In the latter part of the 19th and the first half of the 20th centuries there occurred a relatively widespread mass movement of Persian Jews to the Bahai community; the latter predominantly consisted of Shiʿite converts. Estimates by outside observers of the number of Iran’s converts to the new religion are sketchy, ranging from an astonishing two million in the 1880s, including “many Jews” (Neumark, p. 80), to the more plausible estimate in the mid-1930s of “thousands and perhaps ten thousand of [converted] Jews” including “around a quarter of the Jews of Hamadan” (est. 8,000) and 700 Jews in Tehran (Brower, 1937-38, pp. 22, 24, 31). These estimates are fairly consistent with those of Lord Curzon in the 1880s (prior to the early 20th-century wave of Jewish conversions) of 50, 100, and 150 converted households in Kashan, Hamadan, and Tehran respectively (Curzon, p. 496). His account of Golpāyagān, where as many as 75 percent of the Jewish population had “formally joined the Bahai movement and their numbers have since increased considerably,” along with similar reports of group conversions in Khorasan’s Torbat, indicate conversions of large segments of certain Jewish communities starting as early as the Babi period, though some, including most of the Golpāyagān converts, evidently reverted to Judaism (Brower, 1944-46; Fischel, 1934, p. 54).
Such estimates should be seen in light of the fluidity of Jewish-Bahai identity in this period, ranging from sympathizers to propagators. Such significant numbers are particularly noteworthy for Persian Jewry, who, despite their close historical ties with other sectarian movements, had never converted in large numbers to religions other than Islam. Conversion of a disadvantaged minority to the even more persecuted Bahai faith, rather than to the dominant religion of the majority, presents an important anomaly. The exact circumstances of many early conversions to the Bahai faith cannot be determined with certainty. Even though most conversions of Jews to Bahaism took place during the ministry of ʿAbd-al-Bahāʾ (1892-1922), their earliest encounter with the faith goes back to the early years of the Babi movement.
The earliest known Jewish Babi convert in Tehran, according to Bahai sources, was a physician whose name Ḥakim Masiḥ (= Christ; Arabic form of the common Jewish name Mashiaḥ = Messiah) and whose interest in Islamic concerns may suggest an earlier conversion to Christianity or Islam. As a Babi sympathizer in 1848, he attended debates that the notable woman Babi leader, Ṭāhereh Qorrat-al-ʿAyn, conducted with Shiʿite scholars in Baghdad. In 1861 he openly confessed his Babi beliefs after he came into contact with the Babi and later Bahai leader Mollā Ṣādeq Moqaddas while attending to sick Babi prisoners in Tehran. His conversion demonstrates an early universalistic view, at least on the part of some Babi leaders, of the Babi mission going beyond Islamic confines (Balyuzi, p. 18; Rafʿati, pp. 395-98).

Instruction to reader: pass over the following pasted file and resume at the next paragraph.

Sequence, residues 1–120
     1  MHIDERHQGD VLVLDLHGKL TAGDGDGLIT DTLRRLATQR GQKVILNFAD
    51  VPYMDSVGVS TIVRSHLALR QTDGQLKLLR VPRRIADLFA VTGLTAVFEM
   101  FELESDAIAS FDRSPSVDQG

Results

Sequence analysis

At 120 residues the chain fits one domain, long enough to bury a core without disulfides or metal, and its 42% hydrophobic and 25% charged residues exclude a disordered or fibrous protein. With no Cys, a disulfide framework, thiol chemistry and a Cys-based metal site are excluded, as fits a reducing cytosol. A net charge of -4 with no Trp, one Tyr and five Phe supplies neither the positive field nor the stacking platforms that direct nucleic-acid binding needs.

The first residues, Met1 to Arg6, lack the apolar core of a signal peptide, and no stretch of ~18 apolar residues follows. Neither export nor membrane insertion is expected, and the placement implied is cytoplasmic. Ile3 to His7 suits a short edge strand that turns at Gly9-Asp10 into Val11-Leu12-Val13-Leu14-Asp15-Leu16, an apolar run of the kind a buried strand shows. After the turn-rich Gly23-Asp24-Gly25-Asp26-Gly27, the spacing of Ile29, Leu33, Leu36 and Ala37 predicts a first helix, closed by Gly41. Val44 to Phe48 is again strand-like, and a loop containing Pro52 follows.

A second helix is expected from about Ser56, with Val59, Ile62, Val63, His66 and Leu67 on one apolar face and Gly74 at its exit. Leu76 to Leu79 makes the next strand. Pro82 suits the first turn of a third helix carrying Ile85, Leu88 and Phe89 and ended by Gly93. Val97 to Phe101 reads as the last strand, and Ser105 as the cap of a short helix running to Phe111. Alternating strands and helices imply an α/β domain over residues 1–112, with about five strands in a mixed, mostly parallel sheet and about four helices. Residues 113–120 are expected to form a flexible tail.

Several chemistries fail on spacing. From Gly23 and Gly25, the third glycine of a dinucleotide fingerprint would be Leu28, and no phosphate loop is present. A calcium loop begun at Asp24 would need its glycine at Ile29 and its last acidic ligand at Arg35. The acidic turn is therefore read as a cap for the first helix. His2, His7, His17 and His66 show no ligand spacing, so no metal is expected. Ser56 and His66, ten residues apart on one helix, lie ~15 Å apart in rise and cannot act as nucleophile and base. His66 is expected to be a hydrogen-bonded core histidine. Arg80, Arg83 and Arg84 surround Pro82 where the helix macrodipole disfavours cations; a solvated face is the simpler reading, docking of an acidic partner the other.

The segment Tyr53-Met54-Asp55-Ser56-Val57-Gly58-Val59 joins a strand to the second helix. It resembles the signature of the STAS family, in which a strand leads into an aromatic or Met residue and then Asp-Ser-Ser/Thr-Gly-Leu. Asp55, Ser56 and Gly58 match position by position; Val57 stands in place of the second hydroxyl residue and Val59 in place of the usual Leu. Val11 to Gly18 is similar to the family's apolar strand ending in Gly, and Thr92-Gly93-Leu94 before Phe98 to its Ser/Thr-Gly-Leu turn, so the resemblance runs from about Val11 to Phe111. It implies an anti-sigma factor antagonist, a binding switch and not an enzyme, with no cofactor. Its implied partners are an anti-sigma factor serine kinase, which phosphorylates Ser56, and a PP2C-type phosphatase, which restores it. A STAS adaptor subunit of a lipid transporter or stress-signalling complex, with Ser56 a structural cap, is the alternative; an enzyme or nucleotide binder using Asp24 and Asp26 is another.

In 1847 Ṭāhereh stayed briefly at the house of the Jewish physician Elezar (Lālehzār; d. 1881) in Hamadan, before her stay was ended by concerns of possible trouble, including anti-Jewish riots over the danger of a rebellious Muslim woman associating with a Jewish family (Ḥāfeẓi, p. 36; Ešrāq-Ḵāvari, 2004, pp. 28-30; Amanat, 1989, p. 315). Although Elezar never openly confessed his belief, his Babi sympathy or secret belief later found expression in at least one of his associates, the prominent physician Ḥakim Āqājān (d. 1881?; Ḥāfeẓi, p. 21). Āqājān was reportedly first attracted to Babis and Bahais in 1877 when he was invited to treat a patient in the prominent Babi scholar and merchant Narāqi household. He was impressed by the family’s expression of respect toward himself, their disregard for laws of impurity, their willingness to share food with him, and their lenient attitude even after he reportedly gave the patient erroneous medication. Āqājān’s further inquiry into the family’s beliefs eventually led to his acceptance of the Babi/Bahai message. The new message soon spread through Āqājān’s family networks to reach the influential physician and later Bahai community leader Ḥakim Raḥamim, later known as Raḥim Khan Ḥāfeẓ-al-Ṣeḥḥa (1844-1942). Within two years (1877-79), with the help of itinerate Bahai propagators (sing. moballeḡ), some 50 Jews joined the nascent community of Hamadan, now a center of early Jewish Bahai conversion (Ḥāfeẓi).
Yet much of the initial success of Bahaism in Hamadan seems to have been based on the earlier work of the Christian mission; many of the new converts were attracted to the Bahai community while maintaining their Christian ties. Becoming a Bahai allowed them to come to terms with an Islamic identity without having to repudiate their family and community ties.
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